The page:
( L-4-Chlorokynurenine 4-Cl-KYN; developmental code name AV-101) is an orally active small molecule prodrug of 7-chlorokynurenic acid, a NMDA receptor antagonist. It appears to be a rapid-acting antidepressant.
AV-101 was discovered at
Marion Merrell Dow and its biological activity was explored at University of Maryland. It underwent initial development at Artemis Neuroscience which was acquired by VistaGen in 2003. As of 2016 it was in a Phase II clinical trial for major depressive disorder.
Stylized depiction of an activated NMDAR. Glutamate is in the glutamate-binding site and glycine is in the glycine-binding site.
4-Chlorokynurenine inhibits NMDARs at the glycine binding site.
4-Chlorokynurenine penetrates the
blood–brain barrier via the large neutral amino acid transporter 1. In the  central nervous system it is converted to 7-chlorokynurenic acid by kynurenine aminotransferase in astrocytes.
Most of its therapeutic potential is believed to occur via 7-chlorokynurenic acid which inhibits the glycine co-agonist site of
metabolite, 4-chloro-3-hydroxy-anthranilic acid, inhibits the enzyme 3-hydroxyanthranilate oxidase, which provides a rationale for further testing in neurodegenerative diseases.
4-Chlorokynurenine is prodrug of
7-chlorokynurenic acid (7-Cl-KYNA), which in turn is a halogenated derivative of L- kynurenine.
Artemis Neuroscience was formed to develop work done by University of Maryland professor Robert Schwartz in collaboration with scientists at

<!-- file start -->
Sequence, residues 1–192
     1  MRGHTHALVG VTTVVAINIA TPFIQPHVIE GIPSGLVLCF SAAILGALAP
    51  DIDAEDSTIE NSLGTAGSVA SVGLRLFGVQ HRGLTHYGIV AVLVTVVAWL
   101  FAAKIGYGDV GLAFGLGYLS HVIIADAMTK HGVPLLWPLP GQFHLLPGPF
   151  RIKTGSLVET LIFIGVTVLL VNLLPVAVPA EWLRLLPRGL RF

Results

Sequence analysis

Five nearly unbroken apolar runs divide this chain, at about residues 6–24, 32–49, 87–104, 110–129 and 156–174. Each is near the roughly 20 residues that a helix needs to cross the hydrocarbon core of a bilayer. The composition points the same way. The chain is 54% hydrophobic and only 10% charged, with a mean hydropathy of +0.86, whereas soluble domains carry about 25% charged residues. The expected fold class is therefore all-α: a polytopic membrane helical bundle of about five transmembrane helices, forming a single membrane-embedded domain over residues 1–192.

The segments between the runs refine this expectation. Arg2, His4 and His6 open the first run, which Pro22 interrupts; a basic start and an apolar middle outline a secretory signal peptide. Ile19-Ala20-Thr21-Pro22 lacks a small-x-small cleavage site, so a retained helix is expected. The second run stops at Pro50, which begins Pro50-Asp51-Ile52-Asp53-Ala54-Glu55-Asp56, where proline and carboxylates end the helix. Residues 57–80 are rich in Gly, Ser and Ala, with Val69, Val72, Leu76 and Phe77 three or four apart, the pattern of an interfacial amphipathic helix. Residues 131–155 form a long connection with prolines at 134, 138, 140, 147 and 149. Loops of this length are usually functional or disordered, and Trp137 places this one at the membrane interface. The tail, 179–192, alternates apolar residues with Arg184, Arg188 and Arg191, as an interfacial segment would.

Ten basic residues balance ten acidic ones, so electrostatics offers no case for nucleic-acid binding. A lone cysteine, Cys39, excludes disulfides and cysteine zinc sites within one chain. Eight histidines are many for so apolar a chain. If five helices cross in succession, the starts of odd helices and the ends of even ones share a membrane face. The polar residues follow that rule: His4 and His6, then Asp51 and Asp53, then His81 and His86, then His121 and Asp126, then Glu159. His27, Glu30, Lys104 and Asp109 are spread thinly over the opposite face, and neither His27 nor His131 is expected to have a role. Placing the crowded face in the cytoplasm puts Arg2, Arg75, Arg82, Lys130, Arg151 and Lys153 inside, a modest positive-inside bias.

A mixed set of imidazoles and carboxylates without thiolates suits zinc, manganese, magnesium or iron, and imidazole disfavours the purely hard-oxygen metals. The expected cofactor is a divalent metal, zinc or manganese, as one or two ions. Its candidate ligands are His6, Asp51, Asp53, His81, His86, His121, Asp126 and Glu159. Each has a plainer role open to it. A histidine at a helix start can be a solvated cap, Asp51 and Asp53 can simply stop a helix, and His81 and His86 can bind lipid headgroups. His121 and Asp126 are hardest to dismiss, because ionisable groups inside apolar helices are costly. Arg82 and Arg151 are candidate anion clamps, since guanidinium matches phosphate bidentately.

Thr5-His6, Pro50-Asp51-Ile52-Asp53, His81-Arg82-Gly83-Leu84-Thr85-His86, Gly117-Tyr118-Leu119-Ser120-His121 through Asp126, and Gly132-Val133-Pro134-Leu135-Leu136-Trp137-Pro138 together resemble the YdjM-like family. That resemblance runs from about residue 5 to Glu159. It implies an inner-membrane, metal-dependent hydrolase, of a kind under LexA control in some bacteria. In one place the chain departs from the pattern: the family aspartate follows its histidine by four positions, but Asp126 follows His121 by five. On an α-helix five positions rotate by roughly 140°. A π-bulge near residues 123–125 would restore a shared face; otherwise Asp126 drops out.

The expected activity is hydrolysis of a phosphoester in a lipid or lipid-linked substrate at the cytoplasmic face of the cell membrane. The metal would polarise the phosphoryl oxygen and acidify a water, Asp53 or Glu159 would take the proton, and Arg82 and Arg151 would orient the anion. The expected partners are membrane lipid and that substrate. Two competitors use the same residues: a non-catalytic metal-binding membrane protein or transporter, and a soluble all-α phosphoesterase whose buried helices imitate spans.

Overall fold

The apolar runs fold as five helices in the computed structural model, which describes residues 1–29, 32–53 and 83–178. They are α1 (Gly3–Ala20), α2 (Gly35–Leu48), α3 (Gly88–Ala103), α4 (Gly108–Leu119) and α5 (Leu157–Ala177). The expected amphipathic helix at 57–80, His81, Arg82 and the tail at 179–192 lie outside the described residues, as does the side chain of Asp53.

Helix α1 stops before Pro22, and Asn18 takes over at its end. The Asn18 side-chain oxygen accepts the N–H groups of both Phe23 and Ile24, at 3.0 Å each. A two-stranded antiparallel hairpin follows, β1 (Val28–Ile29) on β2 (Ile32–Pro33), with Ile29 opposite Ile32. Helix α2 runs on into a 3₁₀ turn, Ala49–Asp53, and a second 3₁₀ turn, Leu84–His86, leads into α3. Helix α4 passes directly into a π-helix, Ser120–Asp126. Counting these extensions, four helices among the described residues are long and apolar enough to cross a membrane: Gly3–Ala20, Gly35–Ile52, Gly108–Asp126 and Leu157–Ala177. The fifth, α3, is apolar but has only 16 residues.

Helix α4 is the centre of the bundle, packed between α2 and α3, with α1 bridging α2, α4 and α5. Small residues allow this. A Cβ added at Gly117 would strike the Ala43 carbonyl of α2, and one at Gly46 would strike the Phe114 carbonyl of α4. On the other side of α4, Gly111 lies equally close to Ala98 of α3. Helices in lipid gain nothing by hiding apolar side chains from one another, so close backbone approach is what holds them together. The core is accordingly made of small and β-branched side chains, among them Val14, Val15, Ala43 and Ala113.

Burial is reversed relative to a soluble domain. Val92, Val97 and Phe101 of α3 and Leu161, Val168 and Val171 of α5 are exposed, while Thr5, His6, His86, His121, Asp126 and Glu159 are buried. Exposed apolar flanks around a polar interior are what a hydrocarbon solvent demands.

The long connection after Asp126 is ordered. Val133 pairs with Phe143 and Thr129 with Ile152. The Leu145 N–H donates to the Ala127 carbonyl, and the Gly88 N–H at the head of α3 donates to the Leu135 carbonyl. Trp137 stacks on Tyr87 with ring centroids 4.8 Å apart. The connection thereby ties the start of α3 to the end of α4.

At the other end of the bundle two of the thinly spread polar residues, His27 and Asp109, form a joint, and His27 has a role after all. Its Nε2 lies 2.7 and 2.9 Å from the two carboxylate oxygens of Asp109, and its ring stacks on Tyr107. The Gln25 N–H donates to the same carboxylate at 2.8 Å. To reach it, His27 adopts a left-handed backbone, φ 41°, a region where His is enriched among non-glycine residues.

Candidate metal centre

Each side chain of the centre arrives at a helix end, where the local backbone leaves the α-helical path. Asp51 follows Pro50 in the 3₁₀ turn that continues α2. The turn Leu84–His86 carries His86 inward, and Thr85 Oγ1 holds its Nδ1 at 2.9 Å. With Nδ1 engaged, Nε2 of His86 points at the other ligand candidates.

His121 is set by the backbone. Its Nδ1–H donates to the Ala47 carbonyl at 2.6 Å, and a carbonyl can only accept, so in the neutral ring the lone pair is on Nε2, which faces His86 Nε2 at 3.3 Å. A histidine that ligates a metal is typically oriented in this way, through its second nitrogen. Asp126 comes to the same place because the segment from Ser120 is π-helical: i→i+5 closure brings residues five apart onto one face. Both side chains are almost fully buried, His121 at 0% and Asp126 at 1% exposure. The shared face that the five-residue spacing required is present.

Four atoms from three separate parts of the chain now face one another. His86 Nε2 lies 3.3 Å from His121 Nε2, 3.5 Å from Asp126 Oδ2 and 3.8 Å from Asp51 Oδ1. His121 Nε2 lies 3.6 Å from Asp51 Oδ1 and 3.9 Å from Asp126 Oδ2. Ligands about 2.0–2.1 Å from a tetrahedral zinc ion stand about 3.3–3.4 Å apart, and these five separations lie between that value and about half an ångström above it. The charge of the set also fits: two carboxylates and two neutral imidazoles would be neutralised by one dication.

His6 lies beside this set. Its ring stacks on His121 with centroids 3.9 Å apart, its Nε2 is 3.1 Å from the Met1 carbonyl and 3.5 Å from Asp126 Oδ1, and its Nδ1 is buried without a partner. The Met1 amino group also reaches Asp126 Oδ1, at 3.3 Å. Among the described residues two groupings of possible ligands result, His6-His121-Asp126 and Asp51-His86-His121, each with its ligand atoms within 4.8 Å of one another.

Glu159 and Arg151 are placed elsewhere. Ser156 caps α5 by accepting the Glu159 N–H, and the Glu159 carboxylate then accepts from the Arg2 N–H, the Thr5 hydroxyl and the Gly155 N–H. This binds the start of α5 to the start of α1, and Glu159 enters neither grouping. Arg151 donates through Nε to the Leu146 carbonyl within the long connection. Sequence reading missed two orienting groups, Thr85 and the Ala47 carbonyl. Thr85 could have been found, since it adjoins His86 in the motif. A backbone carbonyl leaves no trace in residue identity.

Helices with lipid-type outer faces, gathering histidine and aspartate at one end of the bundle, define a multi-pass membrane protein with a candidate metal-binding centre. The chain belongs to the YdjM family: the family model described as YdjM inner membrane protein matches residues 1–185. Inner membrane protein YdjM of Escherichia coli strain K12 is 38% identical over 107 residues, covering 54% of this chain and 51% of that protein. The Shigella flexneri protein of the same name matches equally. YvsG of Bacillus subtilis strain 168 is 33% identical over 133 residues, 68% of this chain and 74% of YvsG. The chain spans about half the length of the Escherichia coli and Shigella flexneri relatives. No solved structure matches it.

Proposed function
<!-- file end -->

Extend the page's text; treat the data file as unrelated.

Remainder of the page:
Marion Merrell Dow (which became part of Sanofi by way of Aventis); this work included AV-101.  
VistaGen acquired AV-101 when it acquired Artemis in 2003.
VistaGen filed an
Investigational New Drug application with the FDA for use of AV-101 in neuropathic pain in 2013.
As of 2013, other
NMDA receptor antagonists in clinical trials for depression included lanicemine, S-ketamine, and GLYX-13, with lanicemine being the most advanced.
AV-101 showed efficacy in
animal model of Huntington's disease and showed rapid-acting antidepressant effects similar to  ketamine in the forced-swim test and two other behavioral models of depression in rodents.
By 2013 AV-101 had successfully gone through two Phase I clinical trials.
As of 2016 a Phase II clinical trial was underway in
major depressive disorder.
It has been found to be effective for neuropathic pain in animal studies.
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